Squash Frittata 2

You may flip over onto a serving plate or just serve straight from the pan.

Serve while hot with a dollop of plain Greek yogurt.

Squash Frittata 1

Graze – Quick Review

In our day of emails and texts, real mail is fun to receive. That being said, I’m a huge fan of boxes. I’ve been receiving Birchbox for about a year now and have never been disappointed. I also enjoy Julep, which sends fabulous nail polishes monthly. My newest box to try is graze; originally from the U.K., graze is a snail mail box-delivery providing snacks. The company launched in the United States in December 2013 and have had huge growth as a result. With a price tag of just $6/box, I decided to give it a whirl.

You get to decide how often you receive your snack box, whether it be weekly, bi-weekly or monthly. You also get to rate snack items; doing so determines what you’ll receive. They offer great variety of options, with both sweet and savory items well-covered. I received my first box today at my office and love it. The snack sizes are just perfect and everything tastes great. I always try to include ‘healthy snacks for work’ in my weekly grocery shopping but oftentimes end up forgetting my tasty treats in my pantry at home, completely defeating their purpose. A weekly graze box takes care of that. Since they’re snacks of the no-refrigeration-required variety, I can just pop my box in one of my desk drawers (or leave it in the office kitchen). It’s easy, everything is super tasty and I don’t have to do a thing but rate snacks on their site.

FullSizeRender_1My favorite from this box would be the apple and cinnamon flapjack. Although like I said, it’s all delicious. I also really like that they include nutrition facts in the little booklet. If you’re into boxes and food, this is definitely worth trying out.



Smoked Pork with Carolina Peach BBQ Sauce and Cheddar Biscuits

Once again, it’s been awhile. When constantly out of town, recording recipes seems be one of the things I let fall to the wayside, kind of like dusting. Inspired by the end of summer and the onset of fall and after spending time in what I call yankeeland (aka anything above North Carolina), I needed a good dose of Southern food.

After spending a couple days with his family in Waxhaw, Caleb came back with a TON of smoked pork shoulder and beef brisket from his dad and lots of peaches from his mom.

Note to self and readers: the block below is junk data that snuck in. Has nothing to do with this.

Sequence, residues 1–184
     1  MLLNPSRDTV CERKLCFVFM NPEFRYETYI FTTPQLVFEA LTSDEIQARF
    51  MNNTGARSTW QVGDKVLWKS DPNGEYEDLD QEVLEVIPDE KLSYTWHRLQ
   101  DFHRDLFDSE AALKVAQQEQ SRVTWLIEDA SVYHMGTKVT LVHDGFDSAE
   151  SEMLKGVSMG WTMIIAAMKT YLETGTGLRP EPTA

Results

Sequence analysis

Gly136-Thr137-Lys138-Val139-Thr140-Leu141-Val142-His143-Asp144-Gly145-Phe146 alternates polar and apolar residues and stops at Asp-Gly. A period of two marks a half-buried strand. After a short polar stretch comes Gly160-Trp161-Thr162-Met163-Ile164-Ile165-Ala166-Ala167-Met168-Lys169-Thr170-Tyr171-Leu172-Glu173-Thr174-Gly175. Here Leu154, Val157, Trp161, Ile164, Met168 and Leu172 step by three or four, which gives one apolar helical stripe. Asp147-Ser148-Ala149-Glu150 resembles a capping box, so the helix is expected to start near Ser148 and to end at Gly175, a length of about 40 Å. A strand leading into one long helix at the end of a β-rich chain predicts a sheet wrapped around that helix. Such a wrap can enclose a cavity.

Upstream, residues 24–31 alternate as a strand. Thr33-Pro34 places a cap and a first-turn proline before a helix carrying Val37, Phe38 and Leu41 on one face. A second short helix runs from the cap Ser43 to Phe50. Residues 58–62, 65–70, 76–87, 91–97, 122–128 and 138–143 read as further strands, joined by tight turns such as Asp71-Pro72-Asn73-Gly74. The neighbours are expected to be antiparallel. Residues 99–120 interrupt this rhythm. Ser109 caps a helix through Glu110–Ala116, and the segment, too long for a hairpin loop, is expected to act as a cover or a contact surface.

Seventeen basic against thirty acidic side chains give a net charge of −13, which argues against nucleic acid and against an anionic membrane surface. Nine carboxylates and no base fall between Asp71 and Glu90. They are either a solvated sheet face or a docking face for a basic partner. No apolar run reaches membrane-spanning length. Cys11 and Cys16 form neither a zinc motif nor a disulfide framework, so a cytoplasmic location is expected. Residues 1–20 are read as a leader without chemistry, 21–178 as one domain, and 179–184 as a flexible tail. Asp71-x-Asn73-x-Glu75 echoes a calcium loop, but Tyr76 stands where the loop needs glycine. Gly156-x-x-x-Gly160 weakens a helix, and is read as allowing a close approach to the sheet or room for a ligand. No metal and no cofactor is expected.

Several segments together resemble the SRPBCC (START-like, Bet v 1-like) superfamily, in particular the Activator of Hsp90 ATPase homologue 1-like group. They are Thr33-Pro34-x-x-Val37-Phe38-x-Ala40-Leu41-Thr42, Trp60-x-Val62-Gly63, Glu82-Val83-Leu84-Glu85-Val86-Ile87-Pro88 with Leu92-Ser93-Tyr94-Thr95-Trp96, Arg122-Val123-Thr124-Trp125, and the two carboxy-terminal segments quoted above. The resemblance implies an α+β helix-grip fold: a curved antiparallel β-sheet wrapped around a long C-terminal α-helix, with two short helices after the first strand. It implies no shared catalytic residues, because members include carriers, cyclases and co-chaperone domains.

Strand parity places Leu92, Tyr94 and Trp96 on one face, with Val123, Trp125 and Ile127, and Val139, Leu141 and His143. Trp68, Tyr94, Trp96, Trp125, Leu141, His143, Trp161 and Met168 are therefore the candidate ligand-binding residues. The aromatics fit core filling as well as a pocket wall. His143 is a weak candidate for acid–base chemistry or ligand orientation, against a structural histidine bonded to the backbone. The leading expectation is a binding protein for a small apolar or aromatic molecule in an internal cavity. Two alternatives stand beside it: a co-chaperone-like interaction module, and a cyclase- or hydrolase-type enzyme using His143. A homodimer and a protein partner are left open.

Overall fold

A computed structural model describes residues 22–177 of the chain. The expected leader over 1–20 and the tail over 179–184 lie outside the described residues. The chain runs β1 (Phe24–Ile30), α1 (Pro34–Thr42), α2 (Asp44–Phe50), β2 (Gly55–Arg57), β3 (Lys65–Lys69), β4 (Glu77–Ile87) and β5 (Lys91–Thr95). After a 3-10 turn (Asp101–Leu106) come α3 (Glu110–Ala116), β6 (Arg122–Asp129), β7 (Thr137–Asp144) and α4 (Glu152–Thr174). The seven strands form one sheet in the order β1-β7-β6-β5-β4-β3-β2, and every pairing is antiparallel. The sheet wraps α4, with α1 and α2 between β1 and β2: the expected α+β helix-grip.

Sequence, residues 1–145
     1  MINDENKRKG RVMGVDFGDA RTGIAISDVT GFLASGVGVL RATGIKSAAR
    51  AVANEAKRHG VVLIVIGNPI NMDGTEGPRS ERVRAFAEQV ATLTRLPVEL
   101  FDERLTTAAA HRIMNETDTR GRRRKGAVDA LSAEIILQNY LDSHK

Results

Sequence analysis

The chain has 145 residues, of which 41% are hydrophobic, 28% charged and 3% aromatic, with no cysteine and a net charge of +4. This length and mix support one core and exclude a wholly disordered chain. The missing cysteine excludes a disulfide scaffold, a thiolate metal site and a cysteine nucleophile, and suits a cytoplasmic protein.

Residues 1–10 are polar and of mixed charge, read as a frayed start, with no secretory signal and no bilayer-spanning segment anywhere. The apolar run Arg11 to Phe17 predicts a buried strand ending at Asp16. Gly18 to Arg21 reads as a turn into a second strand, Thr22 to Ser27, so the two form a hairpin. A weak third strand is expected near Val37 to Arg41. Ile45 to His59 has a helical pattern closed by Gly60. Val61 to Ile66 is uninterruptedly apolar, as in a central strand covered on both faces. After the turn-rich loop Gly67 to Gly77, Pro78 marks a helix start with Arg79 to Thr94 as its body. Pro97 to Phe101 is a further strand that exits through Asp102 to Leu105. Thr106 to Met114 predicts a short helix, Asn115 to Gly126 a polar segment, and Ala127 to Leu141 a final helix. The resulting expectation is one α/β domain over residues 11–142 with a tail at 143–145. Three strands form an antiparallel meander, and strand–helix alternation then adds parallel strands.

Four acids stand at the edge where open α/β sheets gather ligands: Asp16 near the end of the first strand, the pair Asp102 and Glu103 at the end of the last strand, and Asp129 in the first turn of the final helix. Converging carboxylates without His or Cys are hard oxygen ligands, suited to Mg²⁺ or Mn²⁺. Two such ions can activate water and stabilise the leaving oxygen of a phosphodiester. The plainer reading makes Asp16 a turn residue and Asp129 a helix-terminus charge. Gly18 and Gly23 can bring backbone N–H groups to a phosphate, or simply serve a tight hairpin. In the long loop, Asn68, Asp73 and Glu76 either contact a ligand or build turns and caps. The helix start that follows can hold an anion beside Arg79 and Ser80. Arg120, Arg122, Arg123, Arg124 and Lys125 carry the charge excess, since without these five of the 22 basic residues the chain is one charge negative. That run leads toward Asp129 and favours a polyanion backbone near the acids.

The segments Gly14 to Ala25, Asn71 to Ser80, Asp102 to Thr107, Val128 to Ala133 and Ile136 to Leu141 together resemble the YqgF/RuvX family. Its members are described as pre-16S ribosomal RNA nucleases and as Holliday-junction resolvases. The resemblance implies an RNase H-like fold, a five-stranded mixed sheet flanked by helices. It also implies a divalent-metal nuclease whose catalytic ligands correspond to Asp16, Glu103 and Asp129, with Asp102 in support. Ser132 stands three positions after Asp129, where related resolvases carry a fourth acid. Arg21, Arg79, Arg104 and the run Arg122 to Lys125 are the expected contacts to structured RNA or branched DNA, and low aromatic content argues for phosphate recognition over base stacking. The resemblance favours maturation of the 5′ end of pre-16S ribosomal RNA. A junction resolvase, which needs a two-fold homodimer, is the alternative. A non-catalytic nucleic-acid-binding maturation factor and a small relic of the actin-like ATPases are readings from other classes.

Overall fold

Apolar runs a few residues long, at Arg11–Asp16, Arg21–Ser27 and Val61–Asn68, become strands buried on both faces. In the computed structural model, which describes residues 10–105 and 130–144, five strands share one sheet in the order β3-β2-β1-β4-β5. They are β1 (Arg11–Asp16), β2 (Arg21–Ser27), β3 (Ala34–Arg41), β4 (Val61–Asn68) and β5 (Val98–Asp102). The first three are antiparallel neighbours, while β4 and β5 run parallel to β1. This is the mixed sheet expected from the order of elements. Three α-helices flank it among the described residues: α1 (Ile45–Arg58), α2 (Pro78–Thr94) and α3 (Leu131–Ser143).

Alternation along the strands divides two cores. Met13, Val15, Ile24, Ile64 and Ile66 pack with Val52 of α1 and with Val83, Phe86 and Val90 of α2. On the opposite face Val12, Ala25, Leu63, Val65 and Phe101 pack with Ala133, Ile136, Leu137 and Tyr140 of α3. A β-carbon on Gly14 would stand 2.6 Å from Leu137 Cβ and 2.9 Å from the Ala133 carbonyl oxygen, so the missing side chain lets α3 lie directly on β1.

Of course pork and peaches are a stellar match; I shredded up some of the pork shoulder and decided I’d try my hand at a peach bbq sauce. Rather than serving with buns as pulled pork sandwiches, I made good old biscuits with sharp cheddar and green onion and served with simple cut green beans with nothing but garlic, salt and pepper.

The biscuits are pretty non-traditional and super simple but the ingredients are not measured at all. I fix biscuits this way when I plan on serving them with something heavy on top, in this case, pulled pork.  

Carolina Peach BBQ Sauce


1 large peach, peeled, pit removed and finely chopped
1/2 small red onion, finely chopped
1 T butter
1/4 c spicy peach preserves
1/3 c honey
1/3 c dijon mustard
1/3 c red wine vinegar
1 T worcestershire sauce
1/2 c chicken stock, optional

In a medium sauce pan, melt butter and add chopped red onion. Saute until translucent.

Sauteeing Onion

Add remaining ingredients, stir and bring to a boil. Reduce heat and simmer for 40 minutes, stirring frequently.

BBQ Sauce Ingredients

If sauce becomes too thick for your liking, add chicken stock and increase cooking time by 10 minutes.

Cooked Sauce

Set sauce to the side. If smoked pork shoulder is hot, allow to cool completely. 

Smoked Pork

Using your hands and a fork, pull the pork apart. It does not need to be perfectly shredded.

Pulled Pork

Pour that yummy Carolina Peach BBQ Sauce on top and stir it up real good. Serve it on top of sliced biscuits and make sure the biscuits are covered completely.

Pork with BBQ SauceCheddar-Green Onion Biscuits

Instead of a list of ingredients, I’ll just provide basic instructions for these. 

Preheat oven to 400 F. 

Add desired amount of flour (any kind of your choosing, I use whole wheat) to a large mixing bowl. Stir in a good pinch of baking powder and salt.

Little by little add in yogurt, stirring as you go. Stop adding yogurt once mixture is crumbly and yogurt and flour and evenly distributed. Now, stir in cream until dough becomes a thick and discernible ball.

Stir in freshly shredded sharp cheddar cheese and chopped green onion.

Place dough on a well floured surface and roll out to 1/2″ thickness. Using a biscuit cutter (or top of a mason jar, like I like to do), cut out biscuits and place on greased baking sheet.

Biscuits Before Oven

Cook for about 15 minutes or until golden. If using whole wheat flour, biscuits will be significantly darker than usual. 

Cooked Biscuits

Keep in mind that the texture of these biscuits won’t be quite the same as a traditional, fluffy Southern biscuit. They are however, very tasty and still definitely biscuits.

Gaulart & Maliclet Fast & French

I have to brag on my favorite little place to grab a bite in downtown Charleston, Fast & French. Mon favorit petit café is now 30 years old. It’s a bit of a hole in the wall and yet well-known enough to be packed every time I go. I would eat there every day if I could and with their prices, it wouldn’t be unreasonable if I lived or worked downtown. One of the great things about it is the crowd. College of Charleston students, lawyers, businessmen/women, locals, Europeans, any person imaginable. They can all be found here.


My poor attempt at a panoramic shot.